Chasing Comets: Retiring from Science Fiction

I decided that I wanted to be a science fiction writer sometime late in 1992, and I wrote and submitted my first stories in early 1993. In the 23 years since, I’ve lost count of the stories I’ve written, the number of submissions I’ve made, the number of rejections I’ve received. In that 23 year period, I sold 11 stories, and twice as many pieces of nonfiction.

Over the last year or so, my interest in science fiction has waned. While the most recent stories I’ve sold have had elements of science fiction, they are not essential to the story. I haven’t read the science fiction magazines in a long time; I rarely pick up a new science fiction book these days. This has nothing to do with the genre, and everything to do with how my interests have evolved over time.

At the same time, I’ve been having a blast with my blog writing—when I can find the time to do it. The blog writing does not pay in the same way that science fiction writing does, but money was never my primary driver for writing. I write because I enjoy it.

Then, too, my science fiction stories, while good enough to be published in the pro magazines, never made waves. And while I firmly believe that with enough practice, I could continue to improve my craft to a point where I am better equipped to write good stories, I can no longer afford the time that would be required to make these improvements.

I am not giving up writing, but I am acknowledging that there is some writing that I am no longer interested in doing. I’ve done my best, and made it farther than I thought possible back when I started. But, like a pitcher who no longer has command or speed, it’s time for me to call it a day. There are other things I want to do.

I want to spend more time with my kids. “Daddy, why are you always working?” the Little Miss said to me this weekend, when I was typing away at the computer. I had no good answer for her. I feel guilty each time my kids ask me to play, and I tell them it will have to wait.

I plan to continue writing about the things that interest me here on the blog, although I suspect you won’t see me writing much about writing; or science fiction. Those are subjects that I have covered more than enough. I also plan to continue writing nonfiction pieces as the opportunities to do so arise.

None of this is to say that I am giving up science fiction forever. I find that my interests are cyclical. Some of those cycles are short, like the period of the moon’s rotation around the earth. Others are much longer, like a comet that passes by once in a century. I can’t predict when, or if, this particular comet will return, but if it does, I’ll look to hop on for a ride.

I wasn’t sure I should even write a post about this, or if I should just fade out the scene without much fuss. I decided to write the post because I have made a lot of friends in the science fiction world; friends that I am lucky to have; friends that I hope to keep, despite my retirement from the genre.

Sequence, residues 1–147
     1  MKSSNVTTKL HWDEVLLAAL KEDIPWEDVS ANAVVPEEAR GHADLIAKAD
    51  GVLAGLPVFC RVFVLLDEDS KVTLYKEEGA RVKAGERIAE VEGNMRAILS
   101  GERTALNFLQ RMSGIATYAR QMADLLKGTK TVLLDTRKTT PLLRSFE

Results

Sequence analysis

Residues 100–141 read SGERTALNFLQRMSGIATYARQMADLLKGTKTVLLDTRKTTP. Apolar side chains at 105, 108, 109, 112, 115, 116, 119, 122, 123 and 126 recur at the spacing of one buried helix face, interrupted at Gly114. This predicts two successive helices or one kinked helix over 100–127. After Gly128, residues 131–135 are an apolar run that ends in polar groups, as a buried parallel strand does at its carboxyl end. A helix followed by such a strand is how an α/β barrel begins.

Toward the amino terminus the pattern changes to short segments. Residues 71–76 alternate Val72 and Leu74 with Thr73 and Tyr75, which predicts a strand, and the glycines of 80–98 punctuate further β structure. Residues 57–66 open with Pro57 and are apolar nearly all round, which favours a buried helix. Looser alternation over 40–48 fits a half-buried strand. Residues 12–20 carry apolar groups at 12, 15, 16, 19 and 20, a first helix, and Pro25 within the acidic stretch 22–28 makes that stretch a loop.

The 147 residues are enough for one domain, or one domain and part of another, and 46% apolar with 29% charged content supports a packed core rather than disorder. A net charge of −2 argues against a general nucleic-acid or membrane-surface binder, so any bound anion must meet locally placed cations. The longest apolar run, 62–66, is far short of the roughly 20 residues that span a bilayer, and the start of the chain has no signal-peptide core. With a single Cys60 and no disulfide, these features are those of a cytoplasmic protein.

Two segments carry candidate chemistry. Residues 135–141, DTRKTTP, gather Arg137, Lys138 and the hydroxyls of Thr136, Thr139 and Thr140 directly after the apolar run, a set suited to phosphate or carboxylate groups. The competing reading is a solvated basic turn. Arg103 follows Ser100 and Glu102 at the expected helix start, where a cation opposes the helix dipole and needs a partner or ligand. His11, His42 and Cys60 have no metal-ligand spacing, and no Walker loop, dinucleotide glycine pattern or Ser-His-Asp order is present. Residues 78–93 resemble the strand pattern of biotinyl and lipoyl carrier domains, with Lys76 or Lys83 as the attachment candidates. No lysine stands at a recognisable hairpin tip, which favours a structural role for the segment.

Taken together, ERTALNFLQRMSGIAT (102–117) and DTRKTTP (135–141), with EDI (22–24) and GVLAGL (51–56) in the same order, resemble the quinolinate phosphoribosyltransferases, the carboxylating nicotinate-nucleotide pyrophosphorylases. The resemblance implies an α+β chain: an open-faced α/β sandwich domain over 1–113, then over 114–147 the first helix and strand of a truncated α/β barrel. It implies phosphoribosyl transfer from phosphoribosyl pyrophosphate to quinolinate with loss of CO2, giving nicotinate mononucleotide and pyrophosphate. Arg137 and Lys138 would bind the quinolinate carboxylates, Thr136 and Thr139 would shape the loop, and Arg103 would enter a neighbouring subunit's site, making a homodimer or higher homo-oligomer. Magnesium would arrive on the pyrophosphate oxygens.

5 thoughts on “Chasing Comets: Retiring from Science Fiction

  1. Gotta follow your bliss, Jamie, and if that bliss means that, for now or even for longer, you leave the lands of science fiction, then that is that. Doesn’t mean that we still can’t be friends 😉

  2. Follow your heart. I really enjoy reading your blog and suspect your kids will enjoy having more time with you. They grow up fast, and you can always go back to writing science fiction and the time away will have only made you even better. Who knows…you might even discover a whole new writing muse that you never dreamed of.

  3. Wait, you write fiction too?!? 🙂 FWIW, I’ve never thought of you as a science fiction writer (I’m learning not to typecast), but as a writer who happens to have written some science fiction on occasion. I suspect the words will still bubble up at some point, no matter what shade of writing they get shoehorned as. In the meantime, we’ll all still be here reading your blog. What, you thought we came for the hors d’oeuvres?

  4. Do what’s right for you. That changes with time — and you might find it changes with your kids’ ages, too. As they get older, you might find that science fiction is something you can share with them. You might not.

    Regardless, I’ll still enjoy your blog.

  5. I missed this, until you linked to it in your “transitional notes” post. I have mixed feelings, since I got to know you primarily as a genre author. I support your decision, of course, because as someone now waiting to see if he ever has grandchildren I know full well that family time is here and gone.

    Wishing you only and always the best,

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